The Hungriest Coach

Coach Jimmy Johnson wants the Dallas Cowboys to win the Super Bowl so badly he can taste it.

It is only the first weekend in May—just a minicamp in preparation for more minicamps in preparation for training camp in preparation for the Dallas Cowboys’ 1992 season—but the look of urgency on Coach Jimmy Johnson’s face couldn’t be more intense if this was the fourth quarter of the Super Bowl. “Let’s go, hurry, hurry, hurry!” he yells impatiently, clapping his hands while his offense scampers into position without benefit of a huddle. As quarterback Troy Aikman barks signals, Johnson studies the way the defensive players realign themselves. They are a little tentative, a little unsure. “You’ve got to do better than that,” he shouts at a cornerback who is slow to find the man he is supposed to cover. The purpose of this drill is to give the defense experience against the no-huddle offense that Johnson expects the Washington Redskins to run when the two old rivals face off in the season opener September 7. The game is four months away, but Johnson—don’t you see?—believes in being prepared.

A month later the Cowboys are at it again. After a two-hour practice, Johnson puts his team through a torturous set of wind sprints—ten consecutive 110-yard dashes, each of them timed and measured against a minimum standard that each man is required to meet. “Hey, Big Frank,” the coach yells at 295-pound Frank Cornish, a Cowboys newcomer who played last season with the San Diego Chargers, “did they do this out West?” Cornish shakes his head, spraying an arc of sweat across the Valley Ranch practice field near Irving. No, they didn’t do this at San Diego or anywhere else in the National Football League. Nobody works his team or his staff in the off-season—or for that matter, during the season—as hard as Jimmy Johnson. Most of these players had been running, lifting weights, and studying football four days a week since a month after the 1991 season ended.

Football is an eleven-month-a-year job when you work for Jimmy Johnson, and he would make it twelve or thirteen if he could figure out a way. Even certifiable workaholics like Washington Redskins coach Joe Gibbs permit themselves some type of off-season activity; indeed, as one of the Cowboys’ minicamps was under way in the spring, Gibbs was in Dallas promoting his new investment in stock car racing. Johnson is unique among NFL coaches in that he holds four minicamps—three of them “voluntary.” Players who do not volunteer do not play for Johnson, not for long. The only player absent from the minicamps is linebacker Ken Norton. One of nine starters who has not yet signed a new contract, Norton is nevertheless the only one who didn’t “volunteer” for the extra work. “Norton has damaged himself by not being here,” Johnson says after practice. “I tell our players that off-season workouts are voluntary, but, hey, if you’re not here, it eventually catches up with you. Sooner or later I’m going to have to make a decision between you and another player with similar skills. When that happens, I’m going to remember which one made that extra effort.” Cowboys insiders already speak of Norton in the past tense.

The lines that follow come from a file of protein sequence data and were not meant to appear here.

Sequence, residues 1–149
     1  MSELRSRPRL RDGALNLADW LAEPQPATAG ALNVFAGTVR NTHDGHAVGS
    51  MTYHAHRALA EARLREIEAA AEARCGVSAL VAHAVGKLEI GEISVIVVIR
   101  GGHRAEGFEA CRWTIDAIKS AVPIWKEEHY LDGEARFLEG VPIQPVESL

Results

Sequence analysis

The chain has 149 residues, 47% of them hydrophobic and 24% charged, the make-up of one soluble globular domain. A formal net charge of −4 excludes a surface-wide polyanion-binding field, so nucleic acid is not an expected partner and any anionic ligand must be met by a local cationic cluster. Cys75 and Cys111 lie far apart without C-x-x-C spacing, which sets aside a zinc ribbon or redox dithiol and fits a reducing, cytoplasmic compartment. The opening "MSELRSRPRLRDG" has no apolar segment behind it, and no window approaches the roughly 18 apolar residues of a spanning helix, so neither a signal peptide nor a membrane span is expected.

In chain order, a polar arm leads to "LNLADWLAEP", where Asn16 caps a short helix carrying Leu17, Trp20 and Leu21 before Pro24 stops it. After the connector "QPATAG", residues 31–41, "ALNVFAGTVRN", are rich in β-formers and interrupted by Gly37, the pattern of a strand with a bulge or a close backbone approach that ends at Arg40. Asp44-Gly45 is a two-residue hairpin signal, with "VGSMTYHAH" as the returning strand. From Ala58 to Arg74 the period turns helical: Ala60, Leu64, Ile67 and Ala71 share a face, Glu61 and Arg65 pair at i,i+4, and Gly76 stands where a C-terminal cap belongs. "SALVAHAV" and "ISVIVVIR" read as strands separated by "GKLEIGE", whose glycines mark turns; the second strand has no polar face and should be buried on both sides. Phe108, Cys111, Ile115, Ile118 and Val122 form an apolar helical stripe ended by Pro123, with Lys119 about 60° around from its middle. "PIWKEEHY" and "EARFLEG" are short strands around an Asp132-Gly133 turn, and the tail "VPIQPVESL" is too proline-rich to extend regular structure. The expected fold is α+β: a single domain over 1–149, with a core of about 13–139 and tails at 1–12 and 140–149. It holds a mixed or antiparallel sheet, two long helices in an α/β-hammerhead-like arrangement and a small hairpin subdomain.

Not since Vince Lombardi was molding the Green Bay Packers into his own granite image in the sixties has the NFL had a coach as focused or as single-minded—or as egotistical—as Jimmy Johnson. “In Jimmy’s book, winning is everything and everything relates to winning,” says line coach Tony Wise. “Everything—the color of the uniform, the length of the socks, the size of the weight room, what hotel you stay at, what players you pick in the draft.”

Because of his personal relationship with team owner Jerry Jones, Johnson has become one of the two or three most powerful coaches. Johnson and Jones—Dallas Morning News sports columnist Blackie Sherrod has dubbed them the Jaybirds—were teammates on the University of Arkansas’ 1964 national championship team, and though Jones was a starting guard and co-captain,

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